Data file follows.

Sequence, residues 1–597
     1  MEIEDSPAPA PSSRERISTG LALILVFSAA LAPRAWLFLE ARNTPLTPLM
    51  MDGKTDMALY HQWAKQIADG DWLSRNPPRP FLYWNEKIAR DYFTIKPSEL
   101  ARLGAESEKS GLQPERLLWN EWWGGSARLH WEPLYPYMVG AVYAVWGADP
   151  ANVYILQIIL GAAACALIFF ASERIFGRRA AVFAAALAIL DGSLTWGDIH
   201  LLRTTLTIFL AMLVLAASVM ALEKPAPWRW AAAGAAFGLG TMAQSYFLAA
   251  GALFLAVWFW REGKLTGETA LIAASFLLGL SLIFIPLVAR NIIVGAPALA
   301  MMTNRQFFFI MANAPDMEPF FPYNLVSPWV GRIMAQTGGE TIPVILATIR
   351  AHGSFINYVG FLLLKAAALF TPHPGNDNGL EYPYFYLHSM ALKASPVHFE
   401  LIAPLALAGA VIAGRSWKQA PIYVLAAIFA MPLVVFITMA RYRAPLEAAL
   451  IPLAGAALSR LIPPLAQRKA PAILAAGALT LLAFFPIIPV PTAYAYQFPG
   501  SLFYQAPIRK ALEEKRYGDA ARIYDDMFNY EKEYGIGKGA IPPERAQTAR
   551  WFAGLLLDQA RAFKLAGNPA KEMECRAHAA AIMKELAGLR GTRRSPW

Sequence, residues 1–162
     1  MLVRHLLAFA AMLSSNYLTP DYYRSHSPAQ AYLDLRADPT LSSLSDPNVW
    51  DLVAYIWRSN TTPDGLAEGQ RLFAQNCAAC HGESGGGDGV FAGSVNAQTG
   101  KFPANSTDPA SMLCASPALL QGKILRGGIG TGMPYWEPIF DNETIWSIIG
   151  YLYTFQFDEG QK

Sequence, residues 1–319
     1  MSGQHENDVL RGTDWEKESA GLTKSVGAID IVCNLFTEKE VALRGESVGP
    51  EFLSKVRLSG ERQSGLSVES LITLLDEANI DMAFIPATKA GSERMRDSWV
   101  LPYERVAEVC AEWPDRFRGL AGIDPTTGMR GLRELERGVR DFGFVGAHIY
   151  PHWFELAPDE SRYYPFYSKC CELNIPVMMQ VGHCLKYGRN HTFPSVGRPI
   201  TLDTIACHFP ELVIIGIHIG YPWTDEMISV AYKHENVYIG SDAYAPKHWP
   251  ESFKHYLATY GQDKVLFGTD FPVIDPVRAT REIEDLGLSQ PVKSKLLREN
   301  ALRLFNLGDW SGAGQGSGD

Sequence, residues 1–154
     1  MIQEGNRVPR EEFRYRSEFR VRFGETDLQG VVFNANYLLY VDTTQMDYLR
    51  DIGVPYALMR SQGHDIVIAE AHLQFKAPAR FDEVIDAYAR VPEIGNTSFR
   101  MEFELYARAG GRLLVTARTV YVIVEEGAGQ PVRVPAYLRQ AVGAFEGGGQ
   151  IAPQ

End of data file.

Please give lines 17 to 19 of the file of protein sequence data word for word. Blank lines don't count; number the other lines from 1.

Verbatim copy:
   101  KFPANSTDPA SMLCASPALL QGKILRGGIG TGMPYWEPIF DNETIWSIIG
   151  YLYTFQFDEG QK

Sequence, residues 1–319